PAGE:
I am going to be as candid as I can ever be in this post, and from now onwards.
It’s not that I wasn’t being truthful or honest before. I was trying to be “kind” and “nice”.
There’s nothing wrong with being kind and nice, but when I was being “too kind” and “too nice”, I found out students became lazy and started to rely on me, meaning they always looked at me for directions, instead of thinking for themselves how to do it.
Playing the piano and perfecting the skills required needs a lot of brainwork, and to that I mean A LOT.
It’s not for those who don’t like thinking and analysing to the deepest.
It is also not for someone who don’t want to move their bodies.
What does that mean? There has ben a stereotype that playing the piano is to “tame” the kids’ temper, like it’s some sort of circus moves. Actually, it sounds more like the teacher is the animal trainer and the students being… you know.
Only I hope your teacher doesn’t have a wipe to hold on to..
First, let me tell you what playing the piano is not:
It’s NOT just for GIRLS
It’s NOT to train boys to sit still
It’s NOT for ANYONE to sit still and NOT move their bodies
It’s NOT just a finger movement
Now, let me tell you what playing the piano is about:
IT IS an activity that requires MIND, BODY, EMOTION , and SPIRIT. (Yes, it is that kind of activity.)
It is an ACTIVE activity, like a SPORT.
It requires BRAIN WORK. – LOTS OF IT.
It requires BODY COORDINATION – hands, feet, eye, torso (upper and lower, even when you are sitting) and oh yeah, brain again, you guess it.
It requires FEELING – yes it does, because it’s ART, an EXPRESSION of EMOTION – otherwise go do maths or play video games. I can’t imagine anyone filling in forms and studying tests with PASSION, that would be weird.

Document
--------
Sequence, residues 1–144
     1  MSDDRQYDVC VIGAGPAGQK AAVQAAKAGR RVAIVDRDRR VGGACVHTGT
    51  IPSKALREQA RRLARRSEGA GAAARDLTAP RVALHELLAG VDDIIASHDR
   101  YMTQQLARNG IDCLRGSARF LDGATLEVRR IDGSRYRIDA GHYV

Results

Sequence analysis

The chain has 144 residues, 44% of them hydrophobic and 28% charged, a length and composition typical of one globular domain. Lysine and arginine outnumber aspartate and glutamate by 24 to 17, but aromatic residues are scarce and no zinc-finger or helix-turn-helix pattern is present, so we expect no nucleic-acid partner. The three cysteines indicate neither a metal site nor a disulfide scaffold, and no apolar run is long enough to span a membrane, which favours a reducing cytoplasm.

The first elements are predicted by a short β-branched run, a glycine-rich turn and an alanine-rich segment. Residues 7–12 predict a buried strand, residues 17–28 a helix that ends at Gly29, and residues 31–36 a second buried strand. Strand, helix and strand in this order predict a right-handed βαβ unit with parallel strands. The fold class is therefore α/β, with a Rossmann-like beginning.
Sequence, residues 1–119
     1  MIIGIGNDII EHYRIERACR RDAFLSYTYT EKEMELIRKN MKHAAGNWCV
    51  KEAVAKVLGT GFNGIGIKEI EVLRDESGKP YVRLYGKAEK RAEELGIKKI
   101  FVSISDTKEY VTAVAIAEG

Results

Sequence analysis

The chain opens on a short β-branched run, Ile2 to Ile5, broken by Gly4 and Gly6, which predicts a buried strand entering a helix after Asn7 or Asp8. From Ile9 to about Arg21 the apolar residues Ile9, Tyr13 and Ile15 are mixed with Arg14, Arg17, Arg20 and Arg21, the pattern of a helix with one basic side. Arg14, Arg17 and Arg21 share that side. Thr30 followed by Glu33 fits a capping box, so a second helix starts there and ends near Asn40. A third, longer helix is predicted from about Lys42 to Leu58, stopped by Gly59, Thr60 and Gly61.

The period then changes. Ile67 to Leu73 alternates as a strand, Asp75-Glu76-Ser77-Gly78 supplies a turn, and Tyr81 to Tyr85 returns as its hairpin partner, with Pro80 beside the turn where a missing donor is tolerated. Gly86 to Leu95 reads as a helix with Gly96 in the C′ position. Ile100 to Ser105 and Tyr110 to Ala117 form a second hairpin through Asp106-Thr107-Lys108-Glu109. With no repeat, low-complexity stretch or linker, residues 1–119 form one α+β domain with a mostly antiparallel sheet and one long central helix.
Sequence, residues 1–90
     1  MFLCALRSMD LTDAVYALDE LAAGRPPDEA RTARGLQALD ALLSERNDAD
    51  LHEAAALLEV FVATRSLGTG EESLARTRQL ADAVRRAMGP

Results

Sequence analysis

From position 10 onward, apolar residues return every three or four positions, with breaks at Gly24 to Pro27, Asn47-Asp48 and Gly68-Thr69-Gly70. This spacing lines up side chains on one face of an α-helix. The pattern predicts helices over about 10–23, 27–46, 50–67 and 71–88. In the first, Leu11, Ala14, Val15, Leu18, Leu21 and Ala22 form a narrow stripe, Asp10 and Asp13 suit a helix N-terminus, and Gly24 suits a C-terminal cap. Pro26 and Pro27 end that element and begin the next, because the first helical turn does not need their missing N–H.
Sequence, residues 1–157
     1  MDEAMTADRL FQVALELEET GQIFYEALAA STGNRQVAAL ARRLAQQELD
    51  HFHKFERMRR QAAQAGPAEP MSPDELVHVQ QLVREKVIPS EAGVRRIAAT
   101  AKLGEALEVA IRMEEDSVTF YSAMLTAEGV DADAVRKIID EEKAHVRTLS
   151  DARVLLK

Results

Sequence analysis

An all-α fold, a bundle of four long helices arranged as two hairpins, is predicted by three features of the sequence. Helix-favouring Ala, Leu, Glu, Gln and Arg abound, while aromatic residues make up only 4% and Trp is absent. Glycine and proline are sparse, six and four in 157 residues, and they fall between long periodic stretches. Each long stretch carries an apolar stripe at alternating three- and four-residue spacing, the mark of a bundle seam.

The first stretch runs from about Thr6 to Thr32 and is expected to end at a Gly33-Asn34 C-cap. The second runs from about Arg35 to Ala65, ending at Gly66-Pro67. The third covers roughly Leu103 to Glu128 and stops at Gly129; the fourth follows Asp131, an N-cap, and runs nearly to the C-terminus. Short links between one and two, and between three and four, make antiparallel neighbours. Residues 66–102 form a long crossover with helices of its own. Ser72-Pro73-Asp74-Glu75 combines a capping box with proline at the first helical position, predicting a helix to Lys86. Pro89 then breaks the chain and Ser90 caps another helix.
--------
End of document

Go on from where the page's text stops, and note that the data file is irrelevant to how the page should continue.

It requires not only feeling for music, but also feeling for your own body, that’s the ultimate way to transform your technique forever. So it requires the player to be in touch with themselves.
It takes FOCUS, DEDICATION, DISCIPLINE, HARD WORK, RESILIENCE, STRUCTURE, SKILLS, TIME, and PATIENCE. – I think there’s more I am missing…oh maybe, PASSION?
It requires FAST RESPONSE. REALLY FAST – so if you like slow motion, go do tai chi in the park with old ladies and men, no offence.
It requires A LOT OF THINKING -it needs a lot of rationalization and analysis, and is therefore NOT for anyone who prefers spoon fed everything or everything shuffled down their throats – or did I mention this point already?
It is NOT cost effective.
It requires PRACTICE, ON YOUR OWN.
It requires REFLECTION, ON YOUR OWN.
IT REQUIRES THINKING, ON YOUR OWN – oh I think I am getting dementia or something, here I am repeating myself again.
So I hope I have told you what it takes to be really great at the piano. Of course, if you just want to be mediocre, keep telling yourself “it’s too hard”, “I don’t have time (for lessons and/practice)”, and “the teacher should tell me everything I need to know!”
Anything great in life requires hard work, resilience, time and patience, and A LOT OF THINKING.
Next post, I might start bashing on “teachers” who think they are teaching, but they are really not!
I trust you all had a great holiday and a fresh start to this beautiful new year of 2017.
As this new year begins, so do us – me and my teachers at TWSOM – get back to work.
This year we will kickstart with our annual student concert (January), followed by our re-run of our regular intensive courses, some new fun programs, as well as exciting one-off workshops!
So here, I would like to announce that we will re-run our Piano Teacher Training Course (Level I) in February, and the deadline of the early bird special discount is January 15, 2017.
Our upcoming workshops will include topics such as songwriting and piano technique. They will give you some more insights into how the real courses work.
At TWSOM, we always want to provide music lovers – new or seasoned – with fun, creative, and systematic music programs, so that students not only have fun but also truly learn to master the instrument and gain real and lasting musical knowledge they can enjoy forever.